older generations may be reluctant participants, but other American concepts
have encountered this and have been enormously successful with young consumers.
I believe that will be true in our case.
How would you describe the Starbucks company culture?
It is highly aspirational and very people-oriented. Starbucks
gives stock options to all employees (we call them partners); we were
also the first in this industry to provide health-care benefits to part-time
workers. We have a consulting firm poll our workers every year to find
out how they feel about the company, and they've told us that they've
never seen such a positive response in an organization of this size —
the degree of satisfaction is "best of class."
Many of your customers use Starbucks as a regular hangout or informal
office — a "third place" between home and work. How has
this aspect of the stores evolved over time?
In the beginning, we knew on an intuitive level that Starbucks
was about far more than a cup of coffee. But we didn't expand on
that understanding until the early 1990s, when we realized that the entire
environment was important, particularly the personal connection between
our partners and the customer. Regular customers are known by name, and
the partners remember how they like their beverage; there's an exchange
that takes place. We also made the stores more comfortable by increasing
their size and adding soft chairs, even fireplaces. Approximately five
hundred of our stores are set up to provide wireless access to the Internet;
later this year, we'll expand this capability to the majority of
our stores and begin allowing customer use. In addition, customers will
be able to order beverages and access content relating to events and news
in their immediate area.
What is Starbucks' attitude toward coffee farmers and the environment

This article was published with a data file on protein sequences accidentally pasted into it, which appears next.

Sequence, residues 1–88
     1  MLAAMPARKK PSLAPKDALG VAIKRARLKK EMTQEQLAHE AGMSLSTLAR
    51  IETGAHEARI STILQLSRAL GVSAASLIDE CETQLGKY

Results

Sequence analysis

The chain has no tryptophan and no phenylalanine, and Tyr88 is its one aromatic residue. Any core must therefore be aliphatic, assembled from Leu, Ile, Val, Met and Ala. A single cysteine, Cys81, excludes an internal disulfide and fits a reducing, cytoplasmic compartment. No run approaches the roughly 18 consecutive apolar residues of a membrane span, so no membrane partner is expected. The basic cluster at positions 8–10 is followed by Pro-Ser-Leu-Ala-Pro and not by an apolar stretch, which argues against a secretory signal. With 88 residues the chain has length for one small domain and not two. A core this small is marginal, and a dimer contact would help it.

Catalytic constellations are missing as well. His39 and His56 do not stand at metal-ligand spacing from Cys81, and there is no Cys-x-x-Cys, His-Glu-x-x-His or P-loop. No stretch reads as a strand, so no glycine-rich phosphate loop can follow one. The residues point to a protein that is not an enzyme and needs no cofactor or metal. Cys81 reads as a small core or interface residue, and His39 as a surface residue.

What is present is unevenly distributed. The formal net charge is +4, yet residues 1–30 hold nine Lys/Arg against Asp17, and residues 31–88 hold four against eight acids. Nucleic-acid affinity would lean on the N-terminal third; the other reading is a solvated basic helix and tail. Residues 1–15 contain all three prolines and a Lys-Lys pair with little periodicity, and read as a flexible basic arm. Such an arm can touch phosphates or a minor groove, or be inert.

in developing countries?
We became involved with Conservation International (CI) because
it has targeted 25 "hot spots" where conservation is crucial.
These areas account for about 1.2 percent of the land mass on the planet
but between 60 and 70 percent of its biodiversity — primarily, the
tropical rain forests of Central and South America. Almost half the land
under cultivation is used for growing coffee in this area. How coffee
is farmed has an important impact on the environment. CI recognizes the
need in this situation for an environmental strategy, without ignoring
economic realities for the families who live in these areas.
Most people concerned about Third World poverty don't
understand that one of the most important things we've done is to
popularize high-quality coffee and persuade the customer to pay a higher-than-average
price for it. This enables us to pay two to three times what traditional
coffee companies are paying for their coffee in order to purchase the
highest quality coffee beans. Working with CI, we have been successful
in helping farmers increase the quality of their coffee. Since we pay
more for high-quality coffee, it isn't necessary for farmers to increase
the cultivation area and boost production by chopping down forests. At
our CI project in Chiapas, Mexico, the incomes of farmers in the area
are up by 55 percent, and we plan to expand the program to five other
countries over the next couple of years. It's a win-win situation.
Describe your own coffee-drinking habits.
I started out drinking instant coffee in college, because
I needed to stay awake and cram for exams. Over time, I drifted into the
Maxwell House–Folgers category. Coffee served a purpose — it
was a beverage I drank for its aspect as a stimulant. After I started
working at Starbucks, I switched to the caffe latte — it's the
"training wheels" introduction to our coffee — then moved
on to Starbucks drip coffee. Once in while, I'll have a frappuccino
as a special treat.
— Julia Hanna
Class of MBA 1967, Section D